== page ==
Data protection package creates rules fit for the 21st century, say S&D MEPs
S&D MEPs have welcomed an historic agreement between the European Parliament, Commission and Council on new laws regarding how European citizens' data can be used. It involves two elements - one covering the processing of personal data by the private (industry) and public sector and a second covering the processing of data by police and criminal justice authorities.
S&D vice-president Marju Lauristin MEP, who was responsible for negotiations for the Parliament, said:
"When we last updated our data protection laws in 1995 only a fraction of Europeans had access to the internet, there was no Facebook or Google and only a small amount of our personal data was online. This has all changed, more and more of parts of our lives and an ever increasing amount of our personal data are on the web. How this data is used and processed is of fundamental importance to us all. That is why this package is so important - it finally brings our data protection laws into the 21st Century and gives citizens back control of how their data is used. It also means that for the first time we have harmonised data protection rules across all 28 member states of the European Union.
"The contents of the new data protection regulation show that we are serious about protecting European citizens' rights in the digital age. Companies or public authorities who process large amounts of data will have to appoint a data protection officer to ensure that they are fulfilling their legal obligations. Even more importantly it contains strong penalties for companies who violate the new law, with administrative fines of up to 4% of their overall global turnover.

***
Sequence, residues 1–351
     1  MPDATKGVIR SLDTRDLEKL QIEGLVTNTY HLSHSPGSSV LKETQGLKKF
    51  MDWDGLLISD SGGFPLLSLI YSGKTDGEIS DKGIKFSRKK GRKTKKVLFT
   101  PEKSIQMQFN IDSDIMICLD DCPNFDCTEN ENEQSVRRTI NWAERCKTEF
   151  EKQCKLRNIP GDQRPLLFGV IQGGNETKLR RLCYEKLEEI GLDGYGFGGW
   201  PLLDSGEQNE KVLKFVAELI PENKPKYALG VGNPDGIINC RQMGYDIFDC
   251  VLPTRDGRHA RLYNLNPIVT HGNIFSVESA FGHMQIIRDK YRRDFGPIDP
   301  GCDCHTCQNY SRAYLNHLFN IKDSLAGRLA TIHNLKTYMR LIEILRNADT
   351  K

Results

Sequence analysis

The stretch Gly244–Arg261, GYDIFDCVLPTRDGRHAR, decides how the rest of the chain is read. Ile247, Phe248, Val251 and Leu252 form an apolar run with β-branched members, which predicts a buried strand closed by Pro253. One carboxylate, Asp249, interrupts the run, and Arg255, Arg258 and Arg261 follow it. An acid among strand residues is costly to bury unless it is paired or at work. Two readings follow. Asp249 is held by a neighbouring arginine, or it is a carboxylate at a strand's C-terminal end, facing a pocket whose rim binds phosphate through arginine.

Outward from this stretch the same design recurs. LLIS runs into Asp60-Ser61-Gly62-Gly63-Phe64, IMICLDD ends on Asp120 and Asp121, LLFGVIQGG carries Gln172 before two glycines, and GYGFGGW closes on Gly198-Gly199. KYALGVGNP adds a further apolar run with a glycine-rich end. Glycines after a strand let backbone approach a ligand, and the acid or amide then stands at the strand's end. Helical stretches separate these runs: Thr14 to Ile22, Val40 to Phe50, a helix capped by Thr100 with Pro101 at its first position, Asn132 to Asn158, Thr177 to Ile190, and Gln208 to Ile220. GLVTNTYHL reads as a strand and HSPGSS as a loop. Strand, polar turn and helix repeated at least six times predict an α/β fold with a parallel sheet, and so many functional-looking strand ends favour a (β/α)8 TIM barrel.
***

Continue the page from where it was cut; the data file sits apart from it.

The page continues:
"This is also the first time in the history of EU, we have fully harmonised rules covering police and criminal justice authorities on data protection applying also domestically."
Speaking on this, Birgit Sippel, S&D spokesperson for civil liberties, justice and home affairs, added:
"How police and criminal authorities use personal data has profound implications for fundamental rights. If they are not handling the data of suspects, witnesses or victims correctly it can compromise their safety as well as their right to privacy or a fair trial. In addition, it could also endanger investigations. As Social Democrats it was particularly important for us to establish strict rules on how law enforcement authorities can access and use personal data. We are delighted with the agreement that was reached regarding this.
"It is clear in the wake of the attacks in Paris and elsewhere that member states need to share information more effectively between each other. The creation of harmonised rules between all EU countries on transferring and processing of data should facilitate this, while at the same time ensuring European citizens fundamental rights are not violated. This has important implications for the exchange of information between member states on suspects involved in terrorism or cross-border crime."